GDC Session: The dark spirit of Silent Hill

Series producer Akira Yamaoka dissects the craft of interactive horror.

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Without warning, the lights fade down inside Moscone West Convention Center, Room 2006. In the ensuing darkness, audience members are treated to a video montage from Silent Hill 4. Rendered in overexposed, grainy black and white, and set to alternately sad and creepy piano music, the video flashes a slew of barely intelligible, yet disturbing images.

When it comes to mood and ambience, Silent Hill series producer and sound director Akira Yamaoka clearly knows what he's doing.

In this week's GDC lecture "The Day and Night of Silent Hill" Yamaoka methodically explored a variety of topics, including the core components of horror, the relationship between sound and music, and the psychology of fear.

"I have written horror, Japanese style," Yamaoka reflected. And though he readily admits emulating American works by artists such as David Lynch and Stephen King, Yamaoka explained that the Silent Hill series is still "very rooted in the [Japanese] culture."

"Hollywood-style" horror, Yamaoka argued, tends to focus on shocking visuals and evil spirits, whereas Japanese-style horror relies on unseeable enemies, a sense of vengeance, and--perhaps most uniquely--a sad storyline. "It's not just a question of surprising someone, or showing shocking images," he remarked. In Japanese-style horror, Yamaoka explained, there is always a pervading sense of sadness, as if the story were "wet with tears."

Yamaoka did agree that "Silent Hill focuses very much on storyline," but pointed out that it has an "unclear" story that tends not to be "user-friendly." Yamaoka stressed the importance of this lack of narrative clarity, which not only forces players to "start developing a story themselves," but also "provokes a sense of fear." For instance, in Silent Hill 2, it turns out that the protagonist murdered his wife, though he pretends not to know. Consequently, there is a "destruction of identity" and a resulting unclearness that is deeply unsettling.

In a similar vein, Yamaoka identifies the feeling of uneasiness as a second core component of horror. Experiences that are uncomfortable or unfamiliar, he argued, lead to anxiety and fear. Yamaoka touted the use of fragmented information, commenting that "the creator doesn't need to explain everything." This attitude not only accounts for his heavy use of fog and mist, but also explains why no Silent Hill character is resolutely "bad." Instead, "every character has a multifaceted personality," because such unpredictability provokes fear.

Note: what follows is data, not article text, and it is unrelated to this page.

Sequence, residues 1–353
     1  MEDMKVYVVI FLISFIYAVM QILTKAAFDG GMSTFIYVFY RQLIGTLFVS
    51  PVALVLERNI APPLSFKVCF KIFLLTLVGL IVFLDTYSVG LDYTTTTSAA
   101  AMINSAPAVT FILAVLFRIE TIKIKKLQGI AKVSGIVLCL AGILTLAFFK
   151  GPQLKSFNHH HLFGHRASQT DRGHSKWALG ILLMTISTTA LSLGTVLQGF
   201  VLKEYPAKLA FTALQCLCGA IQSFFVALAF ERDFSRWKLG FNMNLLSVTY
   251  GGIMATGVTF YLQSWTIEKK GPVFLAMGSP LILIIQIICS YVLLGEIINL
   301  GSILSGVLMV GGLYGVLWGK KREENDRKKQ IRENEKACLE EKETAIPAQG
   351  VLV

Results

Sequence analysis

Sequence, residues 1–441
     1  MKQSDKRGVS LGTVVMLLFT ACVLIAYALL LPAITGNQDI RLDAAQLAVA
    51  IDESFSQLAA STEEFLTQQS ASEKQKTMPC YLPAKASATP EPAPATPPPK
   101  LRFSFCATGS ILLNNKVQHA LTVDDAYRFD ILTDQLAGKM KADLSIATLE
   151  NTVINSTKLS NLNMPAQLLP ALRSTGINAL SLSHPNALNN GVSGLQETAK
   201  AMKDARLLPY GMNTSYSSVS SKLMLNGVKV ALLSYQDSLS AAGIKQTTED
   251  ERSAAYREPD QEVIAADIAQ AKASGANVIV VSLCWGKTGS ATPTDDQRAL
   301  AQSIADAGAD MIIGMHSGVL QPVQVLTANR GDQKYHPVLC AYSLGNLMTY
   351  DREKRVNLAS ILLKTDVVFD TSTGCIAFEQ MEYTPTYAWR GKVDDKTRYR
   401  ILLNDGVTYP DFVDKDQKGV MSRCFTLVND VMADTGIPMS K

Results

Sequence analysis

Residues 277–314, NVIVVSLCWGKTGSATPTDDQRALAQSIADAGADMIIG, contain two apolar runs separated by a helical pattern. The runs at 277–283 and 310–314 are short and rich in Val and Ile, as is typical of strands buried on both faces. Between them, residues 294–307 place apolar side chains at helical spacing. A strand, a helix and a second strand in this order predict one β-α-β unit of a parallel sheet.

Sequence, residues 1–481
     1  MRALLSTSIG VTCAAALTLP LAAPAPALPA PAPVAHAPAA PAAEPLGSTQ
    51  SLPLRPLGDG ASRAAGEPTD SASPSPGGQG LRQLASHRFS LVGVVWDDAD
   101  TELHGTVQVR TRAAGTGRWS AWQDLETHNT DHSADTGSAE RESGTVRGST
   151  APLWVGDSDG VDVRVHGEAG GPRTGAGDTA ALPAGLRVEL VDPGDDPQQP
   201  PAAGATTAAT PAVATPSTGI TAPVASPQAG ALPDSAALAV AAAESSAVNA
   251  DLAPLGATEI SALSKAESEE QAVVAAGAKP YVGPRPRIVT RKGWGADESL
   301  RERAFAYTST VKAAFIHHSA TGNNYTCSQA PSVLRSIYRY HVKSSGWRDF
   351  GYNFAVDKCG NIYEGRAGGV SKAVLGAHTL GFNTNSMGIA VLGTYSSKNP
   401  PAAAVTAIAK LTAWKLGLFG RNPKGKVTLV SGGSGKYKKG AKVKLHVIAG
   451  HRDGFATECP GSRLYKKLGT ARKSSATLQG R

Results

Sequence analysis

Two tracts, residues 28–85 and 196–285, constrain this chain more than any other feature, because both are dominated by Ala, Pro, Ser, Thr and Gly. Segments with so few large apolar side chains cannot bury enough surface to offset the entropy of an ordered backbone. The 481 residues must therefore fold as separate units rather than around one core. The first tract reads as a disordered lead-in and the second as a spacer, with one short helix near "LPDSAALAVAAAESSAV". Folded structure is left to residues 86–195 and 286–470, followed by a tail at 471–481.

"I think reality is a very important aspect of horror," Yamaoka continued. Nonetheless, he made sure to qualify that his working definition of "reality" is different than merely "looking natural," since people don't consciously notice all visual information conveyed to them. Thus, especially in light of the trend toward greater visual photo-realism, Yamaoka urged the need to work on "mechanisms to make the users feel like it's real." For example, in Silent Hill 3, one major design concern was taking advantage of the communicative power of eye movement. If a character's eyes aren't doing anything, Yamaoka pointed out, the interaction lacks a certain intangible something.

Shifting subjects to his expertise in sound production, Yamaoka remarked that he hardly separates general game production from sound production, advising, "You can't look only at sound or only at the game." He elaborated, "Silent Hill doesn't have what we normally know as music," warning that "music tends to be explanatory." For example, traditional soundtracks tend to imply when a scene is scary or romantic. The solution employed in Silent Hill, Yamaoka explained, was to abandon such conventions and use radio static--a sound to which players aren't instinctually attuned--to signify the presence of nearby enemies.

Toward the end of the program, Yamaoka stressed that Silent Hill isn't merely a puzzle-solving game, but rather an emerging form of interactive media in a more general sense. "What we call 'game' might change," he suggested.

Yamaoka was one of several Japanese speakers at GDC this week, as part of the "Focus on Japan" Global Developer Program initiative. Yamaoka's lecture, which he delivered in his native Japanese, was simultaneously translated into English and broadcast to attendees via special headphone sets.

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